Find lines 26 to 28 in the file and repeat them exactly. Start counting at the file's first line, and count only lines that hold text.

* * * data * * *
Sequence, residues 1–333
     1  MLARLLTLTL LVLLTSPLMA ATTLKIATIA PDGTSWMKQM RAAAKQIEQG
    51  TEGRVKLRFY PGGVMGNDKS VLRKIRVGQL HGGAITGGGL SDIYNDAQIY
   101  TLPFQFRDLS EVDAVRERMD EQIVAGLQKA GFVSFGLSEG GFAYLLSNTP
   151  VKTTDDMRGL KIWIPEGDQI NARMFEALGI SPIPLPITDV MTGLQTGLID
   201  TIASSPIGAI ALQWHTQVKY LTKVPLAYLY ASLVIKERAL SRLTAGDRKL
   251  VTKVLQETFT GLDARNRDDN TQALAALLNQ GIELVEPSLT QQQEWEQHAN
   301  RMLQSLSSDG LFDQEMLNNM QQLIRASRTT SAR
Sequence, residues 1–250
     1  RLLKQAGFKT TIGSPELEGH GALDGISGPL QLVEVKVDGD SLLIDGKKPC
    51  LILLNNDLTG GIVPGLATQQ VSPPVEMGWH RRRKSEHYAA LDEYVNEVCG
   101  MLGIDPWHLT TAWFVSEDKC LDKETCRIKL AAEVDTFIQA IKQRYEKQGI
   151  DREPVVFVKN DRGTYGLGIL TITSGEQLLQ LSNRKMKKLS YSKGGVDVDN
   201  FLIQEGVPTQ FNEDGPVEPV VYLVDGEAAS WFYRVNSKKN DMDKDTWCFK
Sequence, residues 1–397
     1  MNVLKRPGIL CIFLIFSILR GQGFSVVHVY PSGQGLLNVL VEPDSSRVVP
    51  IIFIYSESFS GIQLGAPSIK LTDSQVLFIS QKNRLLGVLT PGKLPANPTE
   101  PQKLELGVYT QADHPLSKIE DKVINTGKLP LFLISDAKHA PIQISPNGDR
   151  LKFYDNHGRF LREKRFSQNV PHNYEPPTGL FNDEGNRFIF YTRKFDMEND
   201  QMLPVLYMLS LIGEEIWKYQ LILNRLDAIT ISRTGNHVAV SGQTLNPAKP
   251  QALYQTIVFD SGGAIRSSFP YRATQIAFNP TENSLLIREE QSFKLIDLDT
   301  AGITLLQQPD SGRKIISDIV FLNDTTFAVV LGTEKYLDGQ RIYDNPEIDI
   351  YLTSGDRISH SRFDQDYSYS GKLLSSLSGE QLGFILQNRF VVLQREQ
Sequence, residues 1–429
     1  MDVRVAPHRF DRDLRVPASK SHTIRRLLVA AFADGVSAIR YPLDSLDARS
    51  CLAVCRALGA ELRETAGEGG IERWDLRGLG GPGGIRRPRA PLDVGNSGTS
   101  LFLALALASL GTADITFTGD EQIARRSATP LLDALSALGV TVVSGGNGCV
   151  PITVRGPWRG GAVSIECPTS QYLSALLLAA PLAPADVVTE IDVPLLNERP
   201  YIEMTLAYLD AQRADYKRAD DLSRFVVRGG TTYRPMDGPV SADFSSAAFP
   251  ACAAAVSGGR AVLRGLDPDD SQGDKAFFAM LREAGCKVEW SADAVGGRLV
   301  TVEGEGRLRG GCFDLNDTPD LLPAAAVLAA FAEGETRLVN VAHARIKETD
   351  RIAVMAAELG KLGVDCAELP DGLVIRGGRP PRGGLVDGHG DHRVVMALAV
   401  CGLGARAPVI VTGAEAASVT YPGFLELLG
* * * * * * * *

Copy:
    51  CLAVCRALGA ELRETAGEGG IERWDLRGLG GPGGIRRPRA PLDVGNSGTS
   101  LFLALALASL GTADITFTGD EQIARRSATP LLDALSALGV TVVSGGNGCV
   151  PITVRGPWRG GAVSIECPTS QYLSALLLAA PLAPADVVTE IDVPLLNERP